MediaJuly 4, 2024

Death of a newsroom: If only Newshub’s closure was mismanagement


The former chief news officer at Newshub reflects on, and explains, the end of a news era.

A version of this article was first published on Hal Crawford’s Substack, Crawford Media. Subscribe here.

This Friday will be the last day of broadcasting and publishing for my old newsroom, Newshub. It’s being shut down because TV is losing audience and therefore revenue, and closing the newsroom saves millions of dollars in costs. The newsroom has been operational (as 3 News) for 35 years. When I left in 2020, Newshub employed 280 news staff.

Fear and the first day

I don’t have a photo of my first day, so this is my last – in the same place (Newshub Auckland). I am on the right. Foreground are Sarah Bristow, Jack Matthews and Michael Anderson (L-R)

The first day I walked into the newsroom on Flower Street in Auckland in 2016, I was greeted by a group of people who had every reason to think I was the enemy. I’d been employed by a CEO, Mark Weldon, who many loathed on account of his approach to content and people. Before I even arrived, Mark had been forced out of the business by an across-the-board revolt. But there I was, a digital guy and an Australian, appointed chief news officer of an unequivocally TV and Kiwi newsroom.

3 News had become Newshub a few months before. It had been an enormous rebranding effort with clean graphic design and beautiful studio sets. To go with the new look they had an as-yet unborn content strategy that broke up traditional newsroom structure, replacing medium-focussed units (for example, TV reporters or radio reporters) with content-focussed units (for example, daily newsgathering) that would service multiple mediums.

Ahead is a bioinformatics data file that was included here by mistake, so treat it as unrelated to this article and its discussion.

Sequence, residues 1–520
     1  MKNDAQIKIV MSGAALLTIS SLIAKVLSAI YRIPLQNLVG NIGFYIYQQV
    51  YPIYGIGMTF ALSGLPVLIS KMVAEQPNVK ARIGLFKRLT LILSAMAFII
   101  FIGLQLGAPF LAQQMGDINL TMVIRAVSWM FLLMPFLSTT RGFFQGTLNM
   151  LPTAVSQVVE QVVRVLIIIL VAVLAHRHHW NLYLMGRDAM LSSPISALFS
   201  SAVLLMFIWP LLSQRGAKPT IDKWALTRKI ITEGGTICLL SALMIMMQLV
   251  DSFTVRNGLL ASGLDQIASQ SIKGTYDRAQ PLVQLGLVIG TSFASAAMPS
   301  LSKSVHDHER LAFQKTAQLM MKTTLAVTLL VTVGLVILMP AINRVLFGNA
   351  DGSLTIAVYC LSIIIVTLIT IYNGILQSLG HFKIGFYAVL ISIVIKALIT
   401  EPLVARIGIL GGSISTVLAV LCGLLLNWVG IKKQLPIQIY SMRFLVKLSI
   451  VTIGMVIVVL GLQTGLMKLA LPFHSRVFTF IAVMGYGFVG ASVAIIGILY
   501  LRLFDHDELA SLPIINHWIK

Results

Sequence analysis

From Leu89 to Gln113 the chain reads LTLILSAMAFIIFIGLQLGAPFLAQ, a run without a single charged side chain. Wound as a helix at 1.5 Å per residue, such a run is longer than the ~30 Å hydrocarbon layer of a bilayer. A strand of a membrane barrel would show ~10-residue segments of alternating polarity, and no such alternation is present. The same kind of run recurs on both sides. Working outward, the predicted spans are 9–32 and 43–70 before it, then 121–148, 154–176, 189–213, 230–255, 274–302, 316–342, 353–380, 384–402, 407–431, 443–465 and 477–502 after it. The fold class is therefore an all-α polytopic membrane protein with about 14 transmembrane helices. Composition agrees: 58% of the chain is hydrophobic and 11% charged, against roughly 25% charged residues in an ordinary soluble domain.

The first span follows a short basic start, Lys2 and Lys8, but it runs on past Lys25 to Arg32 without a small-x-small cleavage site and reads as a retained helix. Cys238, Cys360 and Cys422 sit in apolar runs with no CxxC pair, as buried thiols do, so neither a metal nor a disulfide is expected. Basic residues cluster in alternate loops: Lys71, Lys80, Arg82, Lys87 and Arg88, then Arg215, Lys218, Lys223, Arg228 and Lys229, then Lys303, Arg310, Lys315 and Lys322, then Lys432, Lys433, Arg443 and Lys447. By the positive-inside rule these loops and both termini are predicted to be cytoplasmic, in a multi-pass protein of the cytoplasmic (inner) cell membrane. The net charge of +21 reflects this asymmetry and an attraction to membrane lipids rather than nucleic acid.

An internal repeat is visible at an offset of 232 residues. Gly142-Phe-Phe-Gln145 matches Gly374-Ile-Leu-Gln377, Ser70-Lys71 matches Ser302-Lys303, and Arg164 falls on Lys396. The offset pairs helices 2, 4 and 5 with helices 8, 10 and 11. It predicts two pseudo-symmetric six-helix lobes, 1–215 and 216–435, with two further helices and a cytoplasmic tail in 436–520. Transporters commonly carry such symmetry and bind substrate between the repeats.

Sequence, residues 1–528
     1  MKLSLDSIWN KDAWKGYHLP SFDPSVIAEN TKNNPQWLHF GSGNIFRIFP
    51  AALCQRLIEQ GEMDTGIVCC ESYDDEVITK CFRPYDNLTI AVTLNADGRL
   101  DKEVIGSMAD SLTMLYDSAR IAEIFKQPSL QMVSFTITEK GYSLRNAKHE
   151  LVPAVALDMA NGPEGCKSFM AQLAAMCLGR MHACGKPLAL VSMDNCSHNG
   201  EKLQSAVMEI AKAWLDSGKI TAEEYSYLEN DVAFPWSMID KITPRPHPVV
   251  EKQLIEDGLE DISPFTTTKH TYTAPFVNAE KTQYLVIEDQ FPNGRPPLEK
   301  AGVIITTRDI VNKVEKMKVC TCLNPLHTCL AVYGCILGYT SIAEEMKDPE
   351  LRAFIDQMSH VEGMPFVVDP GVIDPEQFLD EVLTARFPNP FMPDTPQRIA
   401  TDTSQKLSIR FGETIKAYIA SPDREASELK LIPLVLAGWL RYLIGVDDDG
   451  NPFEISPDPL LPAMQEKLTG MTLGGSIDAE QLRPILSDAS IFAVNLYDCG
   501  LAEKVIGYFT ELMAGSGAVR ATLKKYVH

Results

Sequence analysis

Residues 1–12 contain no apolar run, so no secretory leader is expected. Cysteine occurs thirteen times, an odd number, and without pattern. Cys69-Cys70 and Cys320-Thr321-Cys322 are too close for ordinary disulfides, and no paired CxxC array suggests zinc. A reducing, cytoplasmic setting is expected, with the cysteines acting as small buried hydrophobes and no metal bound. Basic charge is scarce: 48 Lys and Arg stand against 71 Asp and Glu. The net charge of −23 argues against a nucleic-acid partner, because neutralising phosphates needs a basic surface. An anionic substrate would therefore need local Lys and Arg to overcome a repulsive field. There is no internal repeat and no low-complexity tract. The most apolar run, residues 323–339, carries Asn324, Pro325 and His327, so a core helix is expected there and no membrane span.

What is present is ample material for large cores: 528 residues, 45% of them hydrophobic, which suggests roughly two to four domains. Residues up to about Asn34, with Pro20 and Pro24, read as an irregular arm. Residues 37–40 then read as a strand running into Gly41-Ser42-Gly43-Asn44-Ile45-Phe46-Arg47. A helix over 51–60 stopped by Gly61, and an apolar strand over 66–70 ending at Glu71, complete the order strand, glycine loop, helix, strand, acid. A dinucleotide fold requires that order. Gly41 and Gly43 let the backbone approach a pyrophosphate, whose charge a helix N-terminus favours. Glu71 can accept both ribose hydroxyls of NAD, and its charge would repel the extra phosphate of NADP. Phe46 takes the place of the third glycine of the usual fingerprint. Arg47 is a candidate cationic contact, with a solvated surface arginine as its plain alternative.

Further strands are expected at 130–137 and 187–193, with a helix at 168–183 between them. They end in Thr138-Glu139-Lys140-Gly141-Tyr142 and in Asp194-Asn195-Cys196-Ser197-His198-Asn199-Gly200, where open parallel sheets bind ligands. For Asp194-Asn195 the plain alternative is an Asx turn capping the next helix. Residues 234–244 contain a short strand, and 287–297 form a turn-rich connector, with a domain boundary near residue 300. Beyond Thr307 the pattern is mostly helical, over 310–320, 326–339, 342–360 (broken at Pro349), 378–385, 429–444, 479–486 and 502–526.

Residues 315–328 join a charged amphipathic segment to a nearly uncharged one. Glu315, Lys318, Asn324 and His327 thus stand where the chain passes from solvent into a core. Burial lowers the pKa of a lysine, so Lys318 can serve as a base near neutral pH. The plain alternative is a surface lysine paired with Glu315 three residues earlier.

I stood in front of the newsroom and told everyone we would be tearing that plan up. It was ideologically driven, rather than practical. The main problem was that the biggest single group, newsgathering, would be off the hook, too far removed from clear metrics like TV ratings and digital engagement. Evaluating the performance of the head of newsgathering, the chief resource allocator, was going to be difficult. I wanted none of that.

What I found

The Newshub branding, by Ant Farac, was beautiful, clean, and part of the reason I believed we could make a difference in NZ media.

Newsroom mythology painted Newshub as the scrappy fighter, the underdog with an ability to improvise. To a large extent I think this was accurate. There certainly was something of the youngest child about the place – cheeky, entertaining and irresponsible – and the relationship with older sibling 1 News (TVNZ) was central to newsroom identity. We were intensely competitive with TVNZ, although that competitiveness was mostly one-sided as far as I could see. That asymmetry is a classic part of the youngest kid dynamic.

Another aspect of the Newshub mythology was that we were underfunded. I struggled with that one. Underfunded compared to what? I came from digital where no choppers could be hired ever, and buying $50k news cameras would have been madness. We were spending more than $30m a year to produce our bulletins, website,and shows. Certainly, our ambition outstripped our budget – but isn’t that always the case? By the standards of TV, we did things cheaply, but the standards of TV demand high minimum spend.